How can you boost customer acquisition? 

Here are 4 ways you can boost your customer acquisition activity right now.  

  1. Deploying effective attribution changes the game for you – The first prerequisite for optimising your customer acquisition activity is getting a clear view of the impact of all of your marketing activity. Right across your mix.  

    One of the biggest attribution challenges with analytics solutions like Google Analytics is their reliance on cookies which do a particularly poor job of attributing complex multi-channel, multi-device journeys.

    Look for a cookieless attribution solution that leverages AI and Machine Learning for a clearer attribution picture.  
  1. Stay ahead of market changes – advertisers are still feeling the lingering impact of IOS 14.5 in terms of huge hikes in CPAs and reduced targeting capability but you need to stay ahead of the impending removal of 3rd party cookies too.  
  1. Play your media cards away from the competition – staying away from the bottom end of the funnel and leveraging lower CPAs further up the funnel will make your acquisition budget stretch further 
  1. Don’t put all of your marketing eggs in one basket – so ensure that you are not only using a range of acquisition channels but that you also know what ones are working 

Need the details on this? You can find more in our complete guide to acquisition and there are also 7 customer acquisition strategies to try in 2024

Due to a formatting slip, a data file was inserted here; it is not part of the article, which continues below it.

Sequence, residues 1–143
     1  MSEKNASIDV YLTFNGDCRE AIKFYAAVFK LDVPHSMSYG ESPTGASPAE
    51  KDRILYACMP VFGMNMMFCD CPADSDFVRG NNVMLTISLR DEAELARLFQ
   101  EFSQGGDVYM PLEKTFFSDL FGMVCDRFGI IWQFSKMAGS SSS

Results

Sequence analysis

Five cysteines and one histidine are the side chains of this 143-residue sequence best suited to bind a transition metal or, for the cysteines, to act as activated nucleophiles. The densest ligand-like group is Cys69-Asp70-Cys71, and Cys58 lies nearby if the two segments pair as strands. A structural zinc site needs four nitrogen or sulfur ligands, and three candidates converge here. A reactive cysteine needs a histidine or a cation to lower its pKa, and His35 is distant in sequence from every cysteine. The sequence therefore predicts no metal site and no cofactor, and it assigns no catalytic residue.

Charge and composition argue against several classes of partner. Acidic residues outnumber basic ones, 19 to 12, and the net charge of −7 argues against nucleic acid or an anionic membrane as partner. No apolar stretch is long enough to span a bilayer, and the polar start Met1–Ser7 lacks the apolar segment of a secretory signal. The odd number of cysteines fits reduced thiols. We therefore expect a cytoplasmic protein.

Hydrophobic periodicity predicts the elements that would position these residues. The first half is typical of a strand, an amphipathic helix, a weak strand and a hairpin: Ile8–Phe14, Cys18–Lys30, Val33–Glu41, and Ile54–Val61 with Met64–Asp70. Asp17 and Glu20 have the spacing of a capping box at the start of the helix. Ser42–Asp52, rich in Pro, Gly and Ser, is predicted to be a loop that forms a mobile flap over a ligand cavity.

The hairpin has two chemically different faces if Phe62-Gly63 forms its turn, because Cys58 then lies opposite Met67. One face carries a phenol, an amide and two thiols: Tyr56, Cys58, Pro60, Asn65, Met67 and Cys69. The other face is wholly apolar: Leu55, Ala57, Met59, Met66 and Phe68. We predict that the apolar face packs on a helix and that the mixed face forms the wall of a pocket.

A deeper dive into Customer retention 

Here we take a closer look at some key aspects of customer retention.  

Why do businesses focus on retention? 

Here are 5 reasons that companies choose to focus in on customer retention:  

  1. Existing customers are more receptive to salesaccording to Hubspot a brand has a 60-70% of making sales to an existing customer. But this figure drops down to 20% when you are talking to non-customers. So existing customers are a soft landing in terms of adding to your revenue flows. 
  1. Builds a base to drive revenue – retaining a healthy base of core customers opens up new revenue opportunities that go beyond the initial sale to them in terms of cross-selling and upselling other products and services to the same customer. 
  • Happy customers will pay more – one of the key aspects that drives customer retention is good customer experience and research by PWC suggests that 86% of buyers are willing to pay more for a good customer experience. 
  • They will also tell their friendsNeilsen found that 9 out of 10 consumers trust referrals from friends and family over anything else and happy customers are more likely to refer your business and add to your revenues.  
  • All of this feeds into higher ROI – by, amongst other things, reducing your overall acquisition costs and contributing to higher lifetime revenue values per customer 
How do you calculate the cost of retention? 

Customer retention cost (CRC) puts a value on how much your brand or business had to outlay to keep a customer buying your products or services over a specific period of time.  

The line items included in this calculation are likely to include costs associated with: